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WESTERN GRAPHICS — JUST-IN-TIME MINDSET

November 2006 BY KRISTEN E. MONTE
Associate Editor
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WITH ALL of the changes going on in the printing industry, it’s an excellent time to be selling print. At least according to Tim Keran, president and owner of Western Graphics. With everything up for grabs, someone is going to have to catch it—and this St. Paul, MN-based company has a big bucket.

In 1967, a local state legislator opened Western Printing and Mailing, a small print shop aimed at handling his political printing, such as letters and flyers. After he lost the election, he sold the shop to Paul Brazman, who then sold it to Robert Keran and James Muellner in 1977.

Prior to that, Keran worked in sales for what is now Banta. He sold web printing, but wasn’t happy with his commission structure, so he moved on to Brown Printing.

After Brown attempted to relocate him, the elder Keran decided to go into business for himself and bought the company with Muellner. The duo changed the name to Western Graphics.

At that time, the printer had four employees, (one of which is still with the company), and did quick printing—primarily one- and two-color flyers, coupons and envelopes. The shop ran a Heidelberg Windmill, an ATF Chief press, an old A.B.Dick and some binding tables in a 1,000-square-foot building.

Robert Keran’s son, Tim, joined the company part-time in 1979 as a 14-year-old janitor, then moved into the payroll clerk position. During this time, Western Graphics surged from nine to 32 employees and moved locations twice, each time doubling in size.

Family Influences

In 1987, Muellner sold his interest in the company to the elder Keran and Tim took over as controller. The company continued to grow, and made another move in 1988, doubling again in size to a 25,000-square-foot facility.

Tim Keran was named president in 1993 and, in 2001, as the print economy struggled, Western Graphics downsized and the younger Keran bought the company.

Robert Keran still works for the company as a consultant, as does his daughter, Sherry, who is in sales. Today, Western Graphics has 78 employees, does more than $11 million a year in sales, and has continued to double or triple its building size with each move.

“Our focus is on giving clients peace of mind,” Tim Keran says. “We work with clients to make print buying more convenient. We make sure they get the biggest bang for their buck.”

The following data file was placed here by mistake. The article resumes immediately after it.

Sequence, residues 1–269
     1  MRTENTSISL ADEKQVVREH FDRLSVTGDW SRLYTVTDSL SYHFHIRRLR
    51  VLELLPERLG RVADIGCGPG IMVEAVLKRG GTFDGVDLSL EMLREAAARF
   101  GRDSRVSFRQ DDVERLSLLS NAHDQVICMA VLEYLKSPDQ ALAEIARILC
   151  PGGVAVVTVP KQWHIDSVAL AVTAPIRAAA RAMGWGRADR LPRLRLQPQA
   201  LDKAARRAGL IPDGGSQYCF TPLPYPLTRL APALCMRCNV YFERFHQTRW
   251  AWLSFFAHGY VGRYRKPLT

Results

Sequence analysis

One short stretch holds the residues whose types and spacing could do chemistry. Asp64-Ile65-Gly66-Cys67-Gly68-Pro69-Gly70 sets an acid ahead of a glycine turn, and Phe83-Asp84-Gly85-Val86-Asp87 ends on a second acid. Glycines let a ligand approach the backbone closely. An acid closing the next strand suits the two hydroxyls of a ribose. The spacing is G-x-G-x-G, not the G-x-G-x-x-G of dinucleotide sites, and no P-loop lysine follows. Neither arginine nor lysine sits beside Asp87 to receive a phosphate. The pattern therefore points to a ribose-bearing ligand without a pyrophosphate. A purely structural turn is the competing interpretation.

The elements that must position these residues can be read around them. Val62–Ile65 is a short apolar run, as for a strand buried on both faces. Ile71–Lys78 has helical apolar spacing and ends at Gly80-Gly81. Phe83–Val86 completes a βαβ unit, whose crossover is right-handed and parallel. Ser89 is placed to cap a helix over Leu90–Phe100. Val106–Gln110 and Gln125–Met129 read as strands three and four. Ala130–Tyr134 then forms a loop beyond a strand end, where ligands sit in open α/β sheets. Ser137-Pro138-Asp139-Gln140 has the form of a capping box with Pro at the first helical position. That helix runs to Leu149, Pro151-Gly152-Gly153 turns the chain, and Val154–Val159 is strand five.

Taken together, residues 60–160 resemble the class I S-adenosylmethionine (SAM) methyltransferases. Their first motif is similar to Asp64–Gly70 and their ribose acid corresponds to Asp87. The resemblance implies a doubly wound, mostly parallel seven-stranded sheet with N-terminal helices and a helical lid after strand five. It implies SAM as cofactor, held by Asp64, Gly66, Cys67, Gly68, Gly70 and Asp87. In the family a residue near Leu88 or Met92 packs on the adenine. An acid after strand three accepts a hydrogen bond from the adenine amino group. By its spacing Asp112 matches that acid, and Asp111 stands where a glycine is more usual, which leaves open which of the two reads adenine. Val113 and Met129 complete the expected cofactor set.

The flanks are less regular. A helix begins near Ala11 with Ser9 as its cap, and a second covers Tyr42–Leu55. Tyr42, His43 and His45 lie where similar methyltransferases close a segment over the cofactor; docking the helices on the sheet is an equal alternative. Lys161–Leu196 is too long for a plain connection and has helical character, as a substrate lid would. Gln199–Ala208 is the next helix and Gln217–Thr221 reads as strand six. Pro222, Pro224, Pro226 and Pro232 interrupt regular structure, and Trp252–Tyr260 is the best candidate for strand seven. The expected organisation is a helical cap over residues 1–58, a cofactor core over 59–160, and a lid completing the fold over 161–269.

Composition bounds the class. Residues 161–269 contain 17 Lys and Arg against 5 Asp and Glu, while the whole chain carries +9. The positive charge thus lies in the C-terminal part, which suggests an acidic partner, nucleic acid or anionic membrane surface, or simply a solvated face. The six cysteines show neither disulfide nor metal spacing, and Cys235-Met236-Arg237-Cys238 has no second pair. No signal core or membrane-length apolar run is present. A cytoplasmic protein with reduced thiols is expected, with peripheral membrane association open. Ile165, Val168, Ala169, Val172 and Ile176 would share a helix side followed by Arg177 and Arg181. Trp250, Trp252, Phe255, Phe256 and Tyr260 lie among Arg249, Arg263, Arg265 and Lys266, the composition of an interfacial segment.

Western Graphics produces general commercial products targeted toward the mid-size corporate market. It runs two Xerox iGen3 digital presses, four Xerox DocuTechs, as well as six offset presses. While 60 percent of the jobs are digital and 40 percent are offset, 60 percent of Western’s revenue comes from offset and 40 percent from digital.

“Our sales team doesn’t have to choose between offset or digital,” he explains. “There still is a difference in price, speed and quality, so we let clients choose which process they want.”

Currently with 50,000 square feet of space, Western claims to be one of the largest print-on-demand facilities in the country. It has been providing Web-to-print applications for the past five years, tallying 12,000 orders last year. It also began offering mailing services.

Western Graphics has recently upgraded its two iGens, along with installing Heidelberg’s PrintReady prepress workflow, a new MBO folder, and mailing systems including Mail Manager software and an inserter. The company is also looking to upgrade an ink-jetter and tabber in the near future.

Focusing on growth is one of Tim Keran’s top priorities and he wants to grow the company’s sales figure to $20 million in the next five years. Part of the plan is to focus on five main goals for the year, and five priorities for employees to focus on for each quarter.

“We keep the workplace fun and Tim is very good at making sure he gets constant feedback from employees,” says Jon Leinen, vice president of sales and marketing.

“Our secret is our service,” adds Keran. “We need all 78 people rowing in the same direction. Our philosophy is Keeping It Simple, Keeps It Clear.” PI


 

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